Lovers of baseball will most certainly know Curt Schilling as the All-Star Major League pitcher who helped the Boston Red Sox win the World Series in 2004. Meanwhile, the other 90% of America who has moved on to the great sport of Football probably couldn’t pick him out of a lineup and forgot the man even still exists. That was until last week when he became a trending news story for sending out a Tweet that seemed to draw a comparison between Muslims and Nazis. Specifically, he tweeted “Only 5-10% of Muslims are extremists. In 1940, only 7% of Germans were Nazis. How’d that go?” And with that, ESPN pulled him from his on-air coverage of the Little League World Series and suspended him until further notice. Now, you might have gleaned that I care very little about baseball, that is another debate, and I most certainly had no intention of ever glancing at the Little League World Series. But there are two major questions America must answer today about the Schilling tweet and since we know the internet is a place where difficult debates can be handled in a civil manner, sigh, let’s just do this already shall we.
Thought versus Tweet
I am 1000% confident that there are public figures, private citizens, and celebrities whom would be shamed off the face of the planet were they to tweet everything that comes into their head. In fact, just think about yourself. Visualize yourself spending just one day, 24 hours, doing or saying the very first thing that popped into your head. If such a world frightens you, then you might be human.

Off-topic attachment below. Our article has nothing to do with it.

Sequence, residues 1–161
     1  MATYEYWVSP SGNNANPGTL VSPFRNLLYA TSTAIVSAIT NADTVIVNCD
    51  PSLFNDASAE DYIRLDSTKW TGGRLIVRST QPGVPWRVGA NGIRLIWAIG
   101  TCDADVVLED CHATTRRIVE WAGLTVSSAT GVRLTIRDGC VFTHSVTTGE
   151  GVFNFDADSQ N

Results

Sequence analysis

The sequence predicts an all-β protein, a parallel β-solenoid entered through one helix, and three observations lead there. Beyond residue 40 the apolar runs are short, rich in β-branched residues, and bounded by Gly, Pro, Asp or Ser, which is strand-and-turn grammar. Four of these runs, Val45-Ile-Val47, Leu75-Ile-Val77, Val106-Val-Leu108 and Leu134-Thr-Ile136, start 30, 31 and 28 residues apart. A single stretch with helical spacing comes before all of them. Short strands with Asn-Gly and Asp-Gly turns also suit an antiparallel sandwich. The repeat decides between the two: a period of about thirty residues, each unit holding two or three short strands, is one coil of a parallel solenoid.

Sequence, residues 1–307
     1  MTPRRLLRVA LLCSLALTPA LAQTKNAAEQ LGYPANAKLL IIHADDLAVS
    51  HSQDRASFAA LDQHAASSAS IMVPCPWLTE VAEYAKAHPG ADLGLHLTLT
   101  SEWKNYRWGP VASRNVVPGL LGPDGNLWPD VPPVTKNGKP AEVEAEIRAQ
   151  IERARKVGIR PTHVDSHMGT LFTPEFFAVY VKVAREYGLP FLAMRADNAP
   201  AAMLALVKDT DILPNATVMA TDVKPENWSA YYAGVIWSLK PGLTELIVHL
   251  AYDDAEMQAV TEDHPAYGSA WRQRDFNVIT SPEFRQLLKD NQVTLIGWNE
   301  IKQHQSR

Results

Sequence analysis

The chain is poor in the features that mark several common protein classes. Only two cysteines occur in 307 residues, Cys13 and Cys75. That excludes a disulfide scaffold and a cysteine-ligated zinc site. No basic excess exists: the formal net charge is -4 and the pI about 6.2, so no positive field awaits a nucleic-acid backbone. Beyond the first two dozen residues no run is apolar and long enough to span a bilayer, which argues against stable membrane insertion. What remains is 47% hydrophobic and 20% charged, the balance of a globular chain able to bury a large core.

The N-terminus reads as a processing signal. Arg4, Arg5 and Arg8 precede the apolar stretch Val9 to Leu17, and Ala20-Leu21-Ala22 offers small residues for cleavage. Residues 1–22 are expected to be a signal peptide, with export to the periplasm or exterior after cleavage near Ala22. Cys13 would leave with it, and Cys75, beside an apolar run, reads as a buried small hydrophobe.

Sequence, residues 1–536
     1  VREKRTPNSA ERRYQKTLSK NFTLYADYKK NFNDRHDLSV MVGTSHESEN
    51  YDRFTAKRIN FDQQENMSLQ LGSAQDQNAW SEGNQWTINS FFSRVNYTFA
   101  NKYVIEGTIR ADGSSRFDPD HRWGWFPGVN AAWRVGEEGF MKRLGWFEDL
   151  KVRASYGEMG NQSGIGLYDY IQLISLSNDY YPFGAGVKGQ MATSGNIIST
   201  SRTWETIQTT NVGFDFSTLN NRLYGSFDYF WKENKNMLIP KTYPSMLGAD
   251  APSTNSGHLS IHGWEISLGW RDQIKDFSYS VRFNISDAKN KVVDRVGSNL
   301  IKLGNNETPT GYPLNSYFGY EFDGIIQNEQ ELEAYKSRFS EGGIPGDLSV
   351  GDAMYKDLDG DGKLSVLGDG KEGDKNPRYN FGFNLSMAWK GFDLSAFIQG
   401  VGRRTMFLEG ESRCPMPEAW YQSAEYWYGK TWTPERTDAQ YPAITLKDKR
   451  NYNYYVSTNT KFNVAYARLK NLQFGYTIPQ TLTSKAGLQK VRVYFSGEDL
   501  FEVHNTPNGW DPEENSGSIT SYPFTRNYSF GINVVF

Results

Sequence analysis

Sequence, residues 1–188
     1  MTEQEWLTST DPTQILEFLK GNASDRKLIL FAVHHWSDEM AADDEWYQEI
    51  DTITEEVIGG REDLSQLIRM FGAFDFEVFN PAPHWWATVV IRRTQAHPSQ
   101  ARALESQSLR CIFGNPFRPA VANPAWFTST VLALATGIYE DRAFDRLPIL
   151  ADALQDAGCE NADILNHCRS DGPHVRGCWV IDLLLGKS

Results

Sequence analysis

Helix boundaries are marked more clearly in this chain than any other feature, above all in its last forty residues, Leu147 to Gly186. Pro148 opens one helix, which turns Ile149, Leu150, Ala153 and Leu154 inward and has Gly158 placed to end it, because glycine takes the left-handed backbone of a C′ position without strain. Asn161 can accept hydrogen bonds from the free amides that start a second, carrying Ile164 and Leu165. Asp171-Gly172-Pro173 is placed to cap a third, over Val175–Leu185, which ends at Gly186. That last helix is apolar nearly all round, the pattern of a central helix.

However, is Curt Schilling in trouble for having such thoughts about Muslims or is he in trouble for sharing them? Are we as a society appalled that people with such thoughts exist or are we appalled we just had to see them with our frail eyes and soft ears? For it is entirely possible that you are sitting beside such a human today at the coffee shop, on the bus ride home, or even your own home. Is it appropriate to punish the thought of public personalities should they actually get tweeted?
Inference versus Statement
Curt Schilling didn’t call Muslims Nazis. He said a similar percentage that were extremists was numerically on par with the number of Nazis in 1940 Germany. He then asked how it turned out. The answer is poorly for the world in 1940. Yet for Islamic radicals in 2015, we honestly don’t know yet? Is that a fair question to ask whether the internal war the Islamic faith has with its extreme element will end as poorly as Germany’s did with their Nazi minority?
Look, I am not calling Muslims Nazis and I am not defending Schilling. I am simply asking as to whether or not it was a fair question. The man thought it, tweeted it, and was punished for it. However, no one stopped to consider the question itself. Much of America is wrestling with what to think of those who take part of a mainstream faith and use it to justify violence. Terrorist attacks worldwide are a weekly if not daily occurrence and Curt Schilling at a minimum seemed to ask how it might turn out and whether history offers a reasonable comparison. Or perhaps he just thinks Muslims really are Nazis. I don’t know, but that is the debate for the civil internet world to have and I turn the rant over to you now.